The best and worst of Seminyak

“Seminyak was my best ever holiday,” said one friend who visited on his honeymoon.

“Avoid it at all costs,” said another, who has visited Bali several times.

Such mixed reviews left me confused about whether I wanted to wanted to spend the last five days of my Bali trip here, or even visit Seminyak at all.

Having spent several days sightseeing around Ubud, and another three chilling on Gili Trawangan, I was eventually persuaded this part of the island would be good for a different atmosphere and a bit of partying to end our trip.

What I didn’t factor in was just how many karaoke and sports bars there were going to be, as well as overpriced, average restaurants and overcrowded beaches.

The best bits

1. The Potato Head Club

Aside from its slightly funny name, this is a swanky must-see beach club. It’s big and the food and drinks are pricey by Bali standards, but it offers an all round luxury holiday experience.


Prepare to have your bags searched at the entrance and to leave any food or drink you have on you behind. Entrance is free to get in so you can spend as much or as little money as you want inside, but for this reason it is popular with holidaymakers and you’ll have to get here early to grab a seat.

Benches and beds fill a well kept garden and surround an infinity pool overlooking the sea. And as a DJ plays music in the background, there is a great, relaxed vibe around the club. We visited in the afternoon, which was the busiest period but sitting on the edge of the pool, dipping my feet in with a refreshing coconut water cocktail to sip on made for a perfect afternoon.

Potato Head Club from the pool overlooking the beach

2. Uluwatu Temple

This is probably one of the most famous temples on this side of Bali, and positioned on the edge of the island, offers some lovely sea views. It also offers an evening fire dance  (Kecak Dance) which makes it popualr at night fall.

This is a total tourist trap with hundreds of people arriving at the temple at the end of the day, but it is still worth a visit.

Uluwatu Temple dance show

Having arrived an hour before the dance we had a wander around the temple grounds then squashed ourselves into the arena for the performance overlooking the cliffside. On the advice of our driver we headed to the amphitheatre half an hour before the start time in order to get ourselves a seat higher up facing the sea. It meant we weren’t forced to squeeze in or sit on the floor and could happily watch the performance with the sunset as a perfect backdrop.

Uluwatu Temple

3. Nalu Bowls / Shelter Cafe

This was the most amazing food discovery I made during our time in Seminyak and loved it so much I went twice.

On the first trip, craving something healthy, I tried a tasty smoothie bowls from Nalu Bowls. And the vegetarian lunch from Shelter Cafe upstairs looked so tempting I returned another day for lunch. The milkshakes are a must-try too.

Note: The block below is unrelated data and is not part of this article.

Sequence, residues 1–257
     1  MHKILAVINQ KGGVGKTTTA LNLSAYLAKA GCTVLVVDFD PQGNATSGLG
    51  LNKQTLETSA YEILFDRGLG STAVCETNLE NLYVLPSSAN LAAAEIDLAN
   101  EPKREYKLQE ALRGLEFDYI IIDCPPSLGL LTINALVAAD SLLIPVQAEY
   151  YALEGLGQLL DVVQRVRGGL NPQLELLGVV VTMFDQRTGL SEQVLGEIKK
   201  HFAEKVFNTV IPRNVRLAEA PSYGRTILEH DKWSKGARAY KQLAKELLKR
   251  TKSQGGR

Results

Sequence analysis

This type of cafe is more like what I had expected from Seminyak, and I’m surprised we didn’t come across more, but I probably needed a bit more research to hunt these kind of food places out.

4. Stunning sunsets

We had definitely seen our fair share of sunsets on Gili T but on Double Six Beach and La Plancha we were treated to more colourful shows in the skies every night. And it attracted massive crowds too, with everyone trying to grab their best sunset shots.

Seminyak beach sunset

At every bar and restaurant along the beach you can grab yourself a colourful beanbag overlooking the sea just before 6pm, order yourself a cold Bintang and sit back to enjoy the spectacle, with an acoustic singer strumming away on their guitar in the background. It was pretty blissful and a great way to relax but I wonder if there is such a thing as sunset overload?!

Acoustic music set and bean bags on the beach during sunset

The downside to having beautiful sunsets is having to dodge the big crowds, which can only get worse in peak season, and all the annoying drones. Despite there being signs everywhere that drones are not allowed on beaches, it is not regulated and people ignore them. So while you sit there trying to relax and soak in the atmosphere at the end of the day, you will have to put up with a noisy, little motor hovering above your head and runing the serenity of the moment.

Which leads me to….

What to avoid

1. Masceti Temple

Compared to Ubud there is not much sightseeing to be done in Seminyak.

If you’ve not already had your fill of temples there is Masceti Temple by the beach but it is small and doesn’t really offer anything different or more spectacular than other temples on the island. You will be charged to go in and asked to don a sarong, but that all took longer to arrange than it did to walk around it.

Masceti temple

Once inside you will be faced with this elaborate structure but there isn’t much else to see. You’ll be in and out in 10 minutes which wasn’t worth the entrance fee.